Pets do everything from soothing stress to providing comic relief at the workplace. In fact, pets are becoming such a part of our professional lives that many big companies now offer dog-friendly workplace policies and perks, like pet health insurance in their benefits packages.
Making a workplace safe for pets is important – after all, our furry friends aren’t eligible for workers’ compensation. Here’s how to make sure your facility won’t place pets in peril.
Before allowing tenants to bring best friends into the office, be sure to clear all areas of anything that could tempt dogs to chew, and keep things like fans, paper cutters, and printers up high and away from the ends of tables, where they could be knocked over onto unsuspecting pets. Dogs can suffer burns to the mouth, paws, and face from chewing on cables, so keep dangling cords out of paws’ reach.
Cake, candy, and other office treats should never be left out on countertops when pets are on the clock. No one wants to share a cubicle with a pet in intestinal distress – but more importantly, human foods like coffee and chocolate can actually poison pets. Provide plenty of tall trash cans with locking lids, and remind workers to discard their leftover lunches.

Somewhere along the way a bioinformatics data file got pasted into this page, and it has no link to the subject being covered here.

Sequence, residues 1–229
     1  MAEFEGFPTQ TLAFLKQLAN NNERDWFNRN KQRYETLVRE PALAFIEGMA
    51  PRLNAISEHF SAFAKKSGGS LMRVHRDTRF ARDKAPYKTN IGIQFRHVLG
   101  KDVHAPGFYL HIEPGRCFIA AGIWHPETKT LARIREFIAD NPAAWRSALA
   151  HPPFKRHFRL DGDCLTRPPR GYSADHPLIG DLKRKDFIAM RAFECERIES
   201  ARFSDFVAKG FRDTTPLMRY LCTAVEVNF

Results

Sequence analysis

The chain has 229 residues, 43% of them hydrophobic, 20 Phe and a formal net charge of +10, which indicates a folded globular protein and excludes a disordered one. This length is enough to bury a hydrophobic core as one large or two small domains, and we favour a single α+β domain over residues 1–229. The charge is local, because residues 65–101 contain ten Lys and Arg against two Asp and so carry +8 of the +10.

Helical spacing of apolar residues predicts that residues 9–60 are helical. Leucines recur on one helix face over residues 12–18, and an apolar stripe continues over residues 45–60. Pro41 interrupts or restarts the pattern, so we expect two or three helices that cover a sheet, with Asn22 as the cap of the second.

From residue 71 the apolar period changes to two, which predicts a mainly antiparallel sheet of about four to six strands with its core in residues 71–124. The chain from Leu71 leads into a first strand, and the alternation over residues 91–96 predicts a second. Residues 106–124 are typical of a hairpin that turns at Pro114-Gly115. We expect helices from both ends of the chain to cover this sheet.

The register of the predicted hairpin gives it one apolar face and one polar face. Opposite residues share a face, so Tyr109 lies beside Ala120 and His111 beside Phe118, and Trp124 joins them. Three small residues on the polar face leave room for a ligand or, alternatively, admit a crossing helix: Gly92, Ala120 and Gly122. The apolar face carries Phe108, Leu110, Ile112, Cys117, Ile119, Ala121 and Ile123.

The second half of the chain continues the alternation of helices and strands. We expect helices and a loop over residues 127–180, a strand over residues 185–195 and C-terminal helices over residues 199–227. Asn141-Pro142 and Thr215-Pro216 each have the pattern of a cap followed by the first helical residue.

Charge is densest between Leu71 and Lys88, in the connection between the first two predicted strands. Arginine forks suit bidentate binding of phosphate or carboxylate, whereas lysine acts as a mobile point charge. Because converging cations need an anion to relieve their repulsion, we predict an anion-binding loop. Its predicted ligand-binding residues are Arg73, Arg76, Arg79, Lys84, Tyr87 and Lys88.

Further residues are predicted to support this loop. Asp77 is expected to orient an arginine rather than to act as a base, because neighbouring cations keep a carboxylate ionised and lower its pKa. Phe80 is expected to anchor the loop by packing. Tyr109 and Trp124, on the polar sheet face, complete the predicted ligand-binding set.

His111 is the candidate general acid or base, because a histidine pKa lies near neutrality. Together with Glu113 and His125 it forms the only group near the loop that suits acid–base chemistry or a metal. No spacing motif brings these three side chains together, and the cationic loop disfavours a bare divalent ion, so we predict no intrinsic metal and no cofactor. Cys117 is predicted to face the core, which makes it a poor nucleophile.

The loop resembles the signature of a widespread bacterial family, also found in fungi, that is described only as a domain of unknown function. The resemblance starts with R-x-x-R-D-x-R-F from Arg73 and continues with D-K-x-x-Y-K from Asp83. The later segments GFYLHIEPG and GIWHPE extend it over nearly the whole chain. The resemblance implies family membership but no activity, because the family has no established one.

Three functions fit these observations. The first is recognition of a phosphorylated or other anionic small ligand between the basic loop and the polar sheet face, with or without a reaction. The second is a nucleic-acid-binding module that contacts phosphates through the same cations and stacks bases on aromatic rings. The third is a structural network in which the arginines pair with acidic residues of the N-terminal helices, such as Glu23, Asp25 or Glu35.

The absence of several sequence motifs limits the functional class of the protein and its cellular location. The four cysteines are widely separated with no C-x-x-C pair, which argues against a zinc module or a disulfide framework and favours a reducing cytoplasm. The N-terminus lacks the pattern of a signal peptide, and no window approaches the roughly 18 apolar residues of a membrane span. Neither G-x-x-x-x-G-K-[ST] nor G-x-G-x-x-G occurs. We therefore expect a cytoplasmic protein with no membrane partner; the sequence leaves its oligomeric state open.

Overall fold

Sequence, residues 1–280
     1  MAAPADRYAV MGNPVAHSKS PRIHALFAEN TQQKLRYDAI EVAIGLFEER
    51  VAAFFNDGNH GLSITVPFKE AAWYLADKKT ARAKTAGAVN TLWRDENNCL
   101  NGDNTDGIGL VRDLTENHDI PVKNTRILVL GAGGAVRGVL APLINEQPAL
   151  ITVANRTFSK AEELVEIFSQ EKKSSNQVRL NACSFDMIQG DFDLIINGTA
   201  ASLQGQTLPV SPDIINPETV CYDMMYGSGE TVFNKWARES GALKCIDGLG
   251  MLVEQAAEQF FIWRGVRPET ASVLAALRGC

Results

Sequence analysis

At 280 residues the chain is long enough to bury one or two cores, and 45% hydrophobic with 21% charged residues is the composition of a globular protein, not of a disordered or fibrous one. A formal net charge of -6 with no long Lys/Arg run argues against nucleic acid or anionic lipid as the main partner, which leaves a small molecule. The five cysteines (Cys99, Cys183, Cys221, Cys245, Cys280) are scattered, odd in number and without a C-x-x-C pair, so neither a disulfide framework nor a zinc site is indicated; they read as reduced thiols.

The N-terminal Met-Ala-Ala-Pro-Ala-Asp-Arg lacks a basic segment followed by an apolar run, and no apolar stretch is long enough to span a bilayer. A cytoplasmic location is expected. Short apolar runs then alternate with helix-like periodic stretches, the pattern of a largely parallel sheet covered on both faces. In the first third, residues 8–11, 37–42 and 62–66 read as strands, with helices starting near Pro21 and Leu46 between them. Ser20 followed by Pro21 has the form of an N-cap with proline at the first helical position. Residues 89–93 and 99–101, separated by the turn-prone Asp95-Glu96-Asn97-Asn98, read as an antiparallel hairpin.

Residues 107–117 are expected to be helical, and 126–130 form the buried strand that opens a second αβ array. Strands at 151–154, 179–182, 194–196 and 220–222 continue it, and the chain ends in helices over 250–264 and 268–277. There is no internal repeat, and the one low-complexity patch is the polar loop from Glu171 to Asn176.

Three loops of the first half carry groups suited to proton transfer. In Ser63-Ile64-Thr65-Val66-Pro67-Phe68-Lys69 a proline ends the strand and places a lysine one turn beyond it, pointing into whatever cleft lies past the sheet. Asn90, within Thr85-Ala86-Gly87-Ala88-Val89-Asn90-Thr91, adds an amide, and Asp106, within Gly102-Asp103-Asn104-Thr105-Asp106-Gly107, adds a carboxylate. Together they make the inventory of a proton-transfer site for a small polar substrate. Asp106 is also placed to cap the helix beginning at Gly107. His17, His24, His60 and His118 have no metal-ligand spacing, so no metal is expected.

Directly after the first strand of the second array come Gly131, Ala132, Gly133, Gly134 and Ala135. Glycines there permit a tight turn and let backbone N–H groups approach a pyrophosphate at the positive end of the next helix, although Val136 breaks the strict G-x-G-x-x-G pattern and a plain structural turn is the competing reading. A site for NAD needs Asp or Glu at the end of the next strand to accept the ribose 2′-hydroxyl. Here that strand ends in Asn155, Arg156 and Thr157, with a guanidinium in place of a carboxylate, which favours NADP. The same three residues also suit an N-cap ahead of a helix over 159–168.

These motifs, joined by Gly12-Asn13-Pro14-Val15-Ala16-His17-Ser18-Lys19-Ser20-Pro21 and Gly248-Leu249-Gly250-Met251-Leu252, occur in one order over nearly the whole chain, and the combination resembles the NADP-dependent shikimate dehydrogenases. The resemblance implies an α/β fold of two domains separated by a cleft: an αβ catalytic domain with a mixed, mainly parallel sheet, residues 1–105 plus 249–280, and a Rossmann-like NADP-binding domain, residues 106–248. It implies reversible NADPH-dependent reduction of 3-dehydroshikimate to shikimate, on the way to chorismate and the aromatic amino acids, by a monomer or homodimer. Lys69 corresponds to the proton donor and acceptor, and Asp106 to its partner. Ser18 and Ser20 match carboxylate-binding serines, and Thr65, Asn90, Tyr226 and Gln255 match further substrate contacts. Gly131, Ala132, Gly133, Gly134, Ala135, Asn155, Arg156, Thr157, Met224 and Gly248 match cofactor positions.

Doors that lead to parking lots, loading docks, and busy streets can be gateways to disaster for roaming dogs. Provide crates, gates, and leash tethers to keep four-legged friends secured in the doghouse. Remember that pets’ paws can easily be punctured by high heels if someone makes a misstep, and rolling chairs can crush toes or tails in close quarters. Really think about whether there’s enough space to accommodate pets before inviting them to work.
Finally, keep toys, treats, and anything pets might compete over out of common areas, and establish an outside-only rule for play. Just as coworkers can sometimes clash, dogs don’t always play well together. Little squabbles here and there are normal, but it’s best to adopt a zero-tolerance policy when it comes to a truly aggressive pet.
When welcoming pets into an office building, it is a good idea to have pet parents sign an official pet policy that clearly spells out all of the rules. Put safety first and set boundaries and you’ll reap the many benefits of a pet-friendly workplace.
Natasha Ashton is the co-CEO and co-founder of Petplan pet insurance and its quarterly glossy pet health magazine, fetch!